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Find out what other business leaders are asking in our Q&As, answered by Business on Main contributors, or suggest a question of your own.
Q: I'm a business owner, and I'm in the market for a new laptop. What criteria should I consider? I use my computer for managing finances and inventory and don't travel much beyond local meetings.
A:hat’s an increasingly complex question, as there are so many choices on the marketplace today: Ultrabooks, tablets, Mac machines versus Windows 8 machines, ultra-light browser-based laptops such as the Google Chrome and, of course, high-end multimedia PCs. As always, when you’re shopping for a laptop, you need to balance cost with specific needs for performance, features, portability (size, weight and battery life) and storage.

In your case, since multimedia (aka video streaming or graphics) and high storage needs aren’t a priority, you should be able to get a swinging deal on a new laptop. Average laptop prices these days are in the $500-to-700 range (higher for Macs, of course), which is barely more than buying a high-end tablet.

I chatted with a couple experts who help people buy PCs for more advice. “Take a serious look at an Intel i3 system instead of the i5 and i7 machines, which pack way more horsepower than you’ll need,” says Jeff Haynes, editor at Tech Bargains. “This will save you a lot of money on the computer outright.” He also suggests looking at used or refurbished PCs from reputable retailers. “Most units are checked and serviced by these companies before they’re sold, and they frequently come with limited warranties.”

Be sure to find out what the return policy is when you purchase a laptop, and look into price-matching programs that large retailers such as Best Buy may offer. It’s a buyer’s market for PCs and laptops today.

Also, you probably don’t need full HD displays and 3D video cards when you’re mostly using your laptop for finance and inventory work, Haynes adds. “Luckily, a core i3 machine has some basic graphics functionality built into the processor itself, so you can still watch videos, process images and handle other generic visual tasks with ease.”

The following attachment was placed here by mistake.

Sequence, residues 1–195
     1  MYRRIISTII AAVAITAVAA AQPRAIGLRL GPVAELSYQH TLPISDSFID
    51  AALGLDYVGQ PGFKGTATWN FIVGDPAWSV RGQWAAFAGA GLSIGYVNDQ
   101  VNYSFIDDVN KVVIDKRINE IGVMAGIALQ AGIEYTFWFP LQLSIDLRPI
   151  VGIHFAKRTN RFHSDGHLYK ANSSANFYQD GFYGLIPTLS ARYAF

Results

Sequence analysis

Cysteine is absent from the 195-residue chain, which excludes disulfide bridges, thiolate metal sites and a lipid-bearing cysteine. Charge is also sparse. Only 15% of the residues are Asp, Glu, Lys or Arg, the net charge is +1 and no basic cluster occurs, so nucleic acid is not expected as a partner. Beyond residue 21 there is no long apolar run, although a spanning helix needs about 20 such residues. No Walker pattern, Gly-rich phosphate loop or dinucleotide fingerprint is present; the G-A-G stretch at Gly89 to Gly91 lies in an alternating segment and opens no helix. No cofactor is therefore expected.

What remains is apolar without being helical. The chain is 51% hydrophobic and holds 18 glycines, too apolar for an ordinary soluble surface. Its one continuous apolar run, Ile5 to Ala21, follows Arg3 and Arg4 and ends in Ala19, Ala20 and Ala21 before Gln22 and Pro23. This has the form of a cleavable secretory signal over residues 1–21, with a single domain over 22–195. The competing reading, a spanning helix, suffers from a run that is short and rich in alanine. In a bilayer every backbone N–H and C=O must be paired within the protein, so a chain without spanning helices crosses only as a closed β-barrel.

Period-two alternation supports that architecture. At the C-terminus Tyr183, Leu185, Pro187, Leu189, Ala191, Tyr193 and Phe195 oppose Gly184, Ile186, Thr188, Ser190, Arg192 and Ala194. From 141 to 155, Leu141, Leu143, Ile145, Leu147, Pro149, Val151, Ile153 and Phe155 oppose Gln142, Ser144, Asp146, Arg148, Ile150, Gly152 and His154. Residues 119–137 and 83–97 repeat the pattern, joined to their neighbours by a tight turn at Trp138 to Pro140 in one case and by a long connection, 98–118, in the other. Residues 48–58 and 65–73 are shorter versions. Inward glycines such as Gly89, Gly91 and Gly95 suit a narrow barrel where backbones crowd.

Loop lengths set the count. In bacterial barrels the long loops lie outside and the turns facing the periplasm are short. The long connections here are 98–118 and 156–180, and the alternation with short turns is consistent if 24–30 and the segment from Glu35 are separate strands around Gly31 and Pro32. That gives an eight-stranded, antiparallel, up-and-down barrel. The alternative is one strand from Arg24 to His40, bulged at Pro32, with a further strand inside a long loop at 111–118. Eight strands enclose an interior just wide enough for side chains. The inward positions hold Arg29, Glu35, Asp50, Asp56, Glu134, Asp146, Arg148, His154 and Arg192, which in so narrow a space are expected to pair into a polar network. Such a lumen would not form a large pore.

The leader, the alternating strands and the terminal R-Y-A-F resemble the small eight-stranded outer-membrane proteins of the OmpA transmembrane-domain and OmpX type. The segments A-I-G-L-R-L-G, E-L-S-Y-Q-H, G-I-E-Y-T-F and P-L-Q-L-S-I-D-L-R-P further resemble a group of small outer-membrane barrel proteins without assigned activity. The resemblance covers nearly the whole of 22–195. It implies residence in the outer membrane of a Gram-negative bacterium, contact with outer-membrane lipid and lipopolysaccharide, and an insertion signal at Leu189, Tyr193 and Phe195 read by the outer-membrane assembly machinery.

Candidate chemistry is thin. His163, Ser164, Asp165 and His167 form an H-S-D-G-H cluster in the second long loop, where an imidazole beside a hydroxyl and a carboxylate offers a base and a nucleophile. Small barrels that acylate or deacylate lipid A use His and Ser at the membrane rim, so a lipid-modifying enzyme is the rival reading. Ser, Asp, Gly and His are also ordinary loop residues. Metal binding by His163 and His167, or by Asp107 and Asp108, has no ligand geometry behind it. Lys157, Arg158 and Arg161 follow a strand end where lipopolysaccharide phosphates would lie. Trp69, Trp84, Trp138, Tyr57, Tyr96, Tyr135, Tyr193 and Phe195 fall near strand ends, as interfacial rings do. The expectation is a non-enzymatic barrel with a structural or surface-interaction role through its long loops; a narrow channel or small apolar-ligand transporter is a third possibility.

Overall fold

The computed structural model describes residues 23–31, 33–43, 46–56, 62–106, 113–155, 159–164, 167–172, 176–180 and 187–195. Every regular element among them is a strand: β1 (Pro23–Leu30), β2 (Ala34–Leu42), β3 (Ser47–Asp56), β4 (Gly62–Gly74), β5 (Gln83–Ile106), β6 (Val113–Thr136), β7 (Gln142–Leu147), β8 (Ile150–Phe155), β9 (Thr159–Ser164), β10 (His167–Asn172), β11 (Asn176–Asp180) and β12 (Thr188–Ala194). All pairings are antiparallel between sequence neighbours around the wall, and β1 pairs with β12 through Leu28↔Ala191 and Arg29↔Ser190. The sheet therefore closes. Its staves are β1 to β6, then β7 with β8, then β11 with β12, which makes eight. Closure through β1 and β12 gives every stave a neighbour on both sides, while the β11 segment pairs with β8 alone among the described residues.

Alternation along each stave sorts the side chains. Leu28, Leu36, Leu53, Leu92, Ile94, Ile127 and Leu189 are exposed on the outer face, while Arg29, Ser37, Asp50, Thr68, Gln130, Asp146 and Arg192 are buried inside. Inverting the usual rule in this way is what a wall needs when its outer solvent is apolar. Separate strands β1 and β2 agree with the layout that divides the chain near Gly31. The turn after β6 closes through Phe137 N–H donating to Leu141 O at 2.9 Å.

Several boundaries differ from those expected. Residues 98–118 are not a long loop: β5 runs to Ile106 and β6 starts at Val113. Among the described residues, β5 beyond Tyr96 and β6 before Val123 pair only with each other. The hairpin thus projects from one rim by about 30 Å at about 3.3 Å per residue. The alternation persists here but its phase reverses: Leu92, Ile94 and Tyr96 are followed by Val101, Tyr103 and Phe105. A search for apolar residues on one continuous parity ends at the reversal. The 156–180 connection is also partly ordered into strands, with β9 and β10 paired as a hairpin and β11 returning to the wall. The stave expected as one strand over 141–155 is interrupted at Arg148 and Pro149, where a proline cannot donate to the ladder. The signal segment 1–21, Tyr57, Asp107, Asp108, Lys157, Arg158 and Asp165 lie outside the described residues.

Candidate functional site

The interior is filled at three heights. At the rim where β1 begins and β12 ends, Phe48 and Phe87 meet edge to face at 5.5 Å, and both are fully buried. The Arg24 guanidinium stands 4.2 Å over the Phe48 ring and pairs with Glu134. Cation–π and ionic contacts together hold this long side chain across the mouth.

Even if you don’t travel much, consider screen size if you move around your office or to offices nearby to visit clients. Russ Colburn of Colburn Consulting, Inc., a Microsoft reseller, says he recently switched to a 11.6-inch tablet running full Windows. “This allows me much more flexibility when working on site, while still giving me a full desktop experience.”

The new convertible tablet/laptop systems are also an interesting option for people who want the portability of a tablet but still need a practical solution for using a keyboard, without lugging around a lot of extra gear, Haynes says.

Storage is always a top consideration. What you choose will depend on whether you’ll be storing a large percentage of your files in the cloud (such as on DropBox or Microsoft SkyDrive) or whether you need to keep the files on your machine. If your local storage needs are low, a solid-state drive (SSD) offers fast access to files, says Colburn. Yet SSD can be expensive. “You can easily find a computer with a 500GB hard drive and have plenty of space for your files,” Hayne explains.

Finally, even though you’re purchasing a laptop for work, make sure it doesn’t limit you during downtime. After all, most small-business people today don’t have separate PCs for home and work. If you love to play games, watch videos or read e-books, look for a laptop or convertible tablet/laptop that can fulfill those requirements as well.
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